In a survey from Anglicare, 77 per cent of respondents believe in introducing universal income to lift people above the poverty line.
Additionally, more than half of the 1000 respondents strongly support the idea, and only 3 per cent are strongly opposed.
The Anglicare survey also found two in five people said it would put them in a more financially secure position.
25 per cent said it would allow them to spend more time volunteering, while the same percentage said they could spend more time caring for sick loved ones.
A slightly smaller percentage also said they would seek to improve their skills and education.
Will COVID be the catalyst for some form of universal basic income? https://t.co/PZY6v8di6n It certainly seems like the public support is there, according to a survey commissioned by Anglicare. #ausecon #auspol
— Michael Janda (@mikejanda) August 9, 2021
Anglicare Australia executive director, Kasy Chambers said many Australians had a basic income for the first time when the Pandemic hit last year.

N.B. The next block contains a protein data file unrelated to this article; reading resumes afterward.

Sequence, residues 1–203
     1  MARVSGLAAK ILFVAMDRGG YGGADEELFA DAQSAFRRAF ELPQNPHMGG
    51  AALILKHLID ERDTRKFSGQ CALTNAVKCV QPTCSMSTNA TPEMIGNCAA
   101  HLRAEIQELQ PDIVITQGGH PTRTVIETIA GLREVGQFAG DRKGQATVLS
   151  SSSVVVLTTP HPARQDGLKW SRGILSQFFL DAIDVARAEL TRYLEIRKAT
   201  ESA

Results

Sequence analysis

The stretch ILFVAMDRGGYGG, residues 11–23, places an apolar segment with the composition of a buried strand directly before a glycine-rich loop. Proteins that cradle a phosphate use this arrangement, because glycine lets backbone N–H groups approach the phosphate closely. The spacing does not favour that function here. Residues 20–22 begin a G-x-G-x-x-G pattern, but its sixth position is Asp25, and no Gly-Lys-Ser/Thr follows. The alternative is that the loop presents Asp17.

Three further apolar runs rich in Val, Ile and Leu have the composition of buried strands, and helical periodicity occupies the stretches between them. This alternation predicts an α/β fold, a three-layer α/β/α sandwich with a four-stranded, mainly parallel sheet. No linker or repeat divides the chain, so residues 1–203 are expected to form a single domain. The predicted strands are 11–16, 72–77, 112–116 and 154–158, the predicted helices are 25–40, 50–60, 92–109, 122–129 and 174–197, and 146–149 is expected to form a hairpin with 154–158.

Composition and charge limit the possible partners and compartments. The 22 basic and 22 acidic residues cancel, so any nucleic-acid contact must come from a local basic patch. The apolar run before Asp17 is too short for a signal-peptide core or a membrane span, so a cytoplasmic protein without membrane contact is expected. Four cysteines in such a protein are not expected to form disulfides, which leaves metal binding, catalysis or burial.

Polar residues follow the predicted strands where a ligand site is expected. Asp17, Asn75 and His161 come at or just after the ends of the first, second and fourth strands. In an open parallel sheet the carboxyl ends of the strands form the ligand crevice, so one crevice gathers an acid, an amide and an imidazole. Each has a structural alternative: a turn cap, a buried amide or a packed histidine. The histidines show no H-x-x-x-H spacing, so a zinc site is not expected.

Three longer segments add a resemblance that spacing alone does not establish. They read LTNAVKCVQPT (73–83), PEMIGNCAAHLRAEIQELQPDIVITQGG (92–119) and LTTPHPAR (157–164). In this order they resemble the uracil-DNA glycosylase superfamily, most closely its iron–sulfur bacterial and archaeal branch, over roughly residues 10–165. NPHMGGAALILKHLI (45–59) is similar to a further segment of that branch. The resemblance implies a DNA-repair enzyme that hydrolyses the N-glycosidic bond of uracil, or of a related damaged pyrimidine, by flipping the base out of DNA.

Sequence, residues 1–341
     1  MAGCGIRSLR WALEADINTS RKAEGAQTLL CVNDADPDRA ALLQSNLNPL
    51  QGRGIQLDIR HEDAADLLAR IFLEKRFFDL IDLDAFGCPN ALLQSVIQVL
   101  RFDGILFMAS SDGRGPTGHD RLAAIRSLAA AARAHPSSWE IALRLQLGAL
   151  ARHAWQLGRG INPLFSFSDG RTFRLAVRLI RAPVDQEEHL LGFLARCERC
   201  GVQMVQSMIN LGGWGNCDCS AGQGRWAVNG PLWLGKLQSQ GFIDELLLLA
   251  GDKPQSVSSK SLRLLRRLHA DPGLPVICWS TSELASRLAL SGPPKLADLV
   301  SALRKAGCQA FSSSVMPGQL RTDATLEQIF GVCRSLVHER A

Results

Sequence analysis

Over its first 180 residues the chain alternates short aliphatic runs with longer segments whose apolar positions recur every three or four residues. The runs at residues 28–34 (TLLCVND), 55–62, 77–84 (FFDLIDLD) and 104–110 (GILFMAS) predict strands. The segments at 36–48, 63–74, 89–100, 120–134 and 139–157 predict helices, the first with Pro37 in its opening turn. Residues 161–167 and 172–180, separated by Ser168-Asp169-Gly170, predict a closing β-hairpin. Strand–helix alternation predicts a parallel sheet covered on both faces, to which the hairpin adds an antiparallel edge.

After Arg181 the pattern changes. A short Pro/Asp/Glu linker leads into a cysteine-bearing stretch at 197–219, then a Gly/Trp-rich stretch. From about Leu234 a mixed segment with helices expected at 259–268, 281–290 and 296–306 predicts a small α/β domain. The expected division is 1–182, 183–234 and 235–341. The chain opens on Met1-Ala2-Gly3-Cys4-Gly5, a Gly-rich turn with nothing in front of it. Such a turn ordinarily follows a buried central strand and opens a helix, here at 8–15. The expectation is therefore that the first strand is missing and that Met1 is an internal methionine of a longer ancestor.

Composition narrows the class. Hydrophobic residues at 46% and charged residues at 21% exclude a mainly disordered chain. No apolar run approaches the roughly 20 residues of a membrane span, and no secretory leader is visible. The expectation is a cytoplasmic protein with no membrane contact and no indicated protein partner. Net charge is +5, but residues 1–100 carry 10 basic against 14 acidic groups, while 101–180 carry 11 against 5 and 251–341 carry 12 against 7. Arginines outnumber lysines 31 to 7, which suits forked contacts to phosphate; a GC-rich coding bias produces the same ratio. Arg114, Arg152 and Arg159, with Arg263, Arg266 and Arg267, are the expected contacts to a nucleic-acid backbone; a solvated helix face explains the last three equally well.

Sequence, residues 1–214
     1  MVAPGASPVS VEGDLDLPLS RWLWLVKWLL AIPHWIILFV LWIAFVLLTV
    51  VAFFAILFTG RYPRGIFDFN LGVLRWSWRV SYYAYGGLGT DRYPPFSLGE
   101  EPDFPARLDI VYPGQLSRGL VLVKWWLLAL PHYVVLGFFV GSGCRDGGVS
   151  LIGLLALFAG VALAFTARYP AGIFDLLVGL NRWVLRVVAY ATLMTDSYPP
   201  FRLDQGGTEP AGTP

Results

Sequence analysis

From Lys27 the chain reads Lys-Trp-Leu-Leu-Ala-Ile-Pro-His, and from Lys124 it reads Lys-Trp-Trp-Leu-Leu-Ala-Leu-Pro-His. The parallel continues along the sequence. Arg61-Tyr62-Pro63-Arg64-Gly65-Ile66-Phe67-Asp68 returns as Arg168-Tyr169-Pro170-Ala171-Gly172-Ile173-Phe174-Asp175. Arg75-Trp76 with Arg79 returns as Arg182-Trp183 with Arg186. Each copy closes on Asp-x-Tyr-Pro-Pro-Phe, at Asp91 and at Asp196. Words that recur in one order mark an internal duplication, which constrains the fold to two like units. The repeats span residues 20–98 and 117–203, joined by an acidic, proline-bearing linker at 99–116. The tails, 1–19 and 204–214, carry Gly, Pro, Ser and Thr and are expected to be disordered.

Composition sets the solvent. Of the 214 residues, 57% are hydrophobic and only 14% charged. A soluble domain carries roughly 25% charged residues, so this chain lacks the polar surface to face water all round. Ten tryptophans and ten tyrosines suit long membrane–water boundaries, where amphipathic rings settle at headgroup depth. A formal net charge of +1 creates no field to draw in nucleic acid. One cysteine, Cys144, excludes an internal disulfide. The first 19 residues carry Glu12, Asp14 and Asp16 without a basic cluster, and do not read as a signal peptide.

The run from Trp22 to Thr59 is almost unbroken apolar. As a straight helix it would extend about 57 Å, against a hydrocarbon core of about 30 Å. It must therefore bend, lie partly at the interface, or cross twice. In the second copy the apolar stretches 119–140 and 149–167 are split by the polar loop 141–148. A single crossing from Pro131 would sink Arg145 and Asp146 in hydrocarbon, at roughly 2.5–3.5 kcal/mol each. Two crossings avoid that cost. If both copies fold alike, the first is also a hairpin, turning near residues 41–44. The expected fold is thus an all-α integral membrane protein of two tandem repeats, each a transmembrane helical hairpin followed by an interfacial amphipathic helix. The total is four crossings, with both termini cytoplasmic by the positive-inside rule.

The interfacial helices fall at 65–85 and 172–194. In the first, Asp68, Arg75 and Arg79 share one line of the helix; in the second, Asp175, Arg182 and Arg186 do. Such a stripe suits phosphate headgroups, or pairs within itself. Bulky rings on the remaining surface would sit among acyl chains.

This was due to the increased JobSeeker payments through the coronavirus supplement.
Chambers spoke of the benefits, saying: “Lives were transformed, and hundreds of thousands of people were lifted out of poverty…Our study shows that a permanent basic income would lock in these benefits and bring many more.”
Chambers also believes the economic hardships many faced for the first time during COVID-19 has increased empathy for those who experience poverty.
She said: “I think many, many more people who hadn’t previously experienced poverty or didn’t know somebody who was living in poverty now do.”
BREAKING NEWS: We’re backing a basic income, and so are most Australians.
Our new study shows people want a basic income. They’d use it to work more flexibly, volunteer, spend more time with family, and reduce debt. What’s not to love?
Find out more👇https://t.co/hSaQfZmowx
— Anglicare Australia (@anglicare_aust) August 9, 2021